All four of my children were born in the hospital with varying degrees of intervention. I had probably the least interventions with EJ, my first.
I was 19 when EJ was born. Unmarried (not even a boyfriend,) and still clinging to the strong-will that is adolescence. I didn't get prenatal care till the sixth month because I didn't know you were supposed to - I thought you went to the hospital when it was time for the baby to be born. I didn't know that ultrasounds existed,or that disposable diapers existed. I didn't know anything.
When my mom found out I was pregnant, she brought me right into the doctor, where they did an extensive ultrasound, I guess to make sure I hadn't severely harmed my child by not having my weight checked for five months. The ultrasound was shocking to me - I had no idea you could see the baby inside, or that you could tell it's gender. The tech was not a kind woman and made me feel really stupid for being in awe of the little baby growing inside me. At the end she said, brusquely, "Look at that. It's a girl." I couldn't believe you could tell that, and even though I prepared for a girl, I was also preparing myself, mentally, for a boy, because I really didn't think anyone could tell whether it was a boy or girl.
EJ decided to be born eleven days late, but I still thought the contractions were diarrhea pains. I spent the first four or five hours of labor on the toilet, trying to figure out what I could have eaten to put me in such agony. Then I took a bath and lost my mucus plug, and that was when I realized that I was in labor. I completely and totally freaked out. I had no clue what to expect and I got really, really scared and started crying.
My mom took me to the hospital and I yelled the whole time, panicked. A male doctor said to me, "Well I guess we won't play with boys after this, now we will, hmmm?" I yelled at him. "Shut the fuck up, you don't know me!" He laughed and left the room. My mom was mortified. I screamed at her too. "Don't you let them talk to me like that!" I told her. "They don't know!" But she was just embarrassed by all the screaming and swearing, and told me to hush.
Finally my mom convinced the doctor to give me narcotics against my will, and I got quiet for awhile. It hurt so bad, but I couldn't react. It felt terrible. I was still determined not to have an epidural, because having a needle inserted into my spinal column just didn't sound safe. I thought it was probably riskier than anyone had told me.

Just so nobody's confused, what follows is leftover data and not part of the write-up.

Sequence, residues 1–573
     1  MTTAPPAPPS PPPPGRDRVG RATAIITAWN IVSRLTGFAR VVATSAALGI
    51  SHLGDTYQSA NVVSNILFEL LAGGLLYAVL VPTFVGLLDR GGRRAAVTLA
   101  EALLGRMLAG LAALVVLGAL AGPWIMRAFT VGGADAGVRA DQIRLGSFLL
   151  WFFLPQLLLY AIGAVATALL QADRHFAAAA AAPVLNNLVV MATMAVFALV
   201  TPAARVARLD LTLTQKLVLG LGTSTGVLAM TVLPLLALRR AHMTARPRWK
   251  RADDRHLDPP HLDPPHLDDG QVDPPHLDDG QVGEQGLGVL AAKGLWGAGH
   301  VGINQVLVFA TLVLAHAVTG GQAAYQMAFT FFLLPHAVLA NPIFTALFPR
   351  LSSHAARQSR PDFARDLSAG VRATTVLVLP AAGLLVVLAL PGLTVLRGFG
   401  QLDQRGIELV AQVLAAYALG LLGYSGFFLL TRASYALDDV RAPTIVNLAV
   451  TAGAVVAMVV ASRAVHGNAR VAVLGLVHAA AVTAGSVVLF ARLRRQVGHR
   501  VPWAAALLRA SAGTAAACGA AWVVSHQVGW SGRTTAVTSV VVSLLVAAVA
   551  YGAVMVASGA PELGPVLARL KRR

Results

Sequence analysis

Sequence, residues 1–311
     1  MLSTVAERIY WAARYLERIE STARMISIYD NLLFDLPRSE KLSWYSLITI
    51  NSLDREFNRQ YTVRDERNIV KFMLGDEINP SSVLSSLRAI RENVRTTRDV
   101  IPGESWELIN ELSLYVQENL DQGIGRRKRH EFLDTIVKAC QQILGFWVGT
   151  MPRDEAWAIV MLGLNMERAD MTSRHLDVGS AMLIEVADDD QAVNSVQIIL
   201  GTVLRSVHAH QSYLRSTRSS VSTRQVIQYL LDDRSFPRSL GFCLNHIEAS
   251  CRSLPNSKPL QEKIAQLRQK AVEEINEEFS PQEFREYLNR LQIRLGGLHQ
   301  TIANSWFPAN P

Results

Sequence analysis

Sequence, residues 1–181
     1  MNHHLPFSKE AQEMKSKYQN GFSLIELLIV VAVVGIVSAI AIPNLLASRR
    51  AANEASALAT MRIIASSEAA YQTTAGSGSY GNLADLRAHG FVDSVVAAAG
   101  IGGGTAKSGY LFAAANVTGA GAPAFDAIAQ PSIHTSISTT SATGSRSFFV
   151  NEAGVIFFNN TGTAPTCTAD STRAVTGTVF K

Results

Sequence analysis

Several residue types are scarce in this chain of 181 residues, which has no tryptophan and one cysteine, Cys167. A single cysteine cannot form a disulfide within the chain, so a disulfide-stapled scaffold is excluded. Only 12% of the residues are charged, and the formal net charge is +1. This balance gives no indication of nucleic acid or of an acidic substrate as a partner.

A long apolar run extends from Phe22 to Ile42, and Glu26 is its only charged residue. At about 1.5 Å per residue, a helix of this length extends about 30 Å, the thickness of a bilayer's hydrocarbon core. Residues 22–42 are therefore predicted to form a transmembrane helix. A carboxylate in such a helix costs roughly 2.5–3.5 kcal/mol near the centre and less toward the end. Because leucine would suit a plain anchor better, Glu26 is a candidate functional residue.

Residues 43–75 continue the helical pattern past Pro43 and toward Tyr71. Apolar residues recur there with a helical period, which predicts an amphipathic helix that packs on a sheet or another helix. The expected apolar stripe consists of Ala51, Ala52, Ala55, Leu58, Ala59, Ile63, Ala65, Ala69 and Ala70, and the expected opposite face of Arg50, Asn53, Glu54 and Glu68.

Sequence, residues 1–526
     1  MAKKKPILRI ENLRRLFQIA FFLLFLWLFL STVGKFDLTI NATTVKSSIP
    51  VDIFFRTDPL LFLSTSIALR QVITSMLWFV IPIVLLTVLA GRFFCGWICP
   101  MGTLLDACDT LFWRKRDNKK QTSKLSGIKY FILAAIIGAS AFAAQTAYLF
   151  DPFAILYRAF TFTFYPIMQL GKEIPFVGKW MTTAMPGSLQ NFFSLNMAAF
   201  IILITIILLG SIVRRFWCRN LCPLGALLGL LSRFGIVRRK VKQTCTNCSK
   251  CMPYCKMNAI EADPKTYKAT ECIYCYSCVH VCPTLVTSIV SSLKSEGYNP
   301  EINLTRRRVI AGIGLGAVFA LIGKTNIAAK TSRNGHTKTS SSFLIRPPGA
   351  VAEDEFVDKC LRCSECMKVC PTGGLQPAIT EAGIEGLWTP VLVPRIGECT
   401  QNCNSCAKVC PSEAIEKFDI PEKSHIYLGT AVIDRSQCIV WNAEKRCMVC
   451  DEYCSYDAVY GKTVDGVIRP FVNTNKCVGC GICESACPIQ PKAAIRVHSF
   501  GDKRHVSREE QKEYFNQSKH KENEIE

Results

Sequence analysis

I spent all day in labor and was finally at 9 centimeters. The doctor came in a little later and checked me. "Oh," he said. "You've swelled to 6 or 7 centimeters. You need an epidural to relax you so you can dilate." Then they all held me down and gave me an epidural.
I screamed and cried, but they said to calm down, because if I moved the needle could go in wrong and I would be paralyzed. So I laid there quietly on my side, with my wrists and ankles bound, silently sobbing. They got the epidural in and untied the bands. I was surprised at the pain relief - I felt much better. I wondered why i hadn't gotten the epidural in the first place.
Within an hour or two, it was time for EJ to be born. There was a stupid automatic blood pressure machine on my arm and IVs everywhere and I couldn't move. I moved my arm to get into a better position and the cuff got tighter and tighter and wouldn't release. I screamed because I wanted it off, but the IV in my other hand was so sore that I couldn't get it off. Finally I just ripped it off and the nurses freaked and put it back on. I took it off, they put it on. I took it off, they put it on. Finally I was told that if I didn't keep it on they would stop treating me and the baby would be born without any help. (I now know this was a lie.) So I left it on and started the pushing.
It only took four or five pushes before she was out, but for some reason the doctor decided to cut me. A huge third degree episiotomy, requiring twelve stitches. But EJ was here and she was perfect! She weighed seven pounds, fourteen ounces and had a fuzzy halo of orange hair. She was the most beautiful thing I've ever seen.
At this point the doctor reminded me that i had herpes. "What!?" I said. "I don't have herpes!!" he glared at me. How could I be protesting my "herpes status" just moments after giving birth? "Yes, you do," he said sternly. "We need to get this baby on anti-virals stat," he said over his shoulder to the nurse behind him.
So they immediately took my baby and started her on IVs. I was completely freaking out. "Bring her back!!" I screamed, but they wouldn't.
Finally a day later they brought her back and I breastfed her. She had an IV in the back of her hand, pumping her full of anti-viral medications. I buzzed the nurse. "I want this out of her now," I told her, but she said she couldn't do that. "Then I need a pediatrician in here immediately."
The pediatrician came in and said the OB was right, the baby needed drugs because I had herpes. I told him I didn't have herpes and he looked in my chart. He didn't say anything, but a few minutes later a nurse came and took the IV out of my daughter's hand.
The next day we went home, and I didn't feel robbed or anything, I just thought that was how birth was supposed to go. I did know, however, that I was not going to have another baby any time soon.
That was almost eight years ago.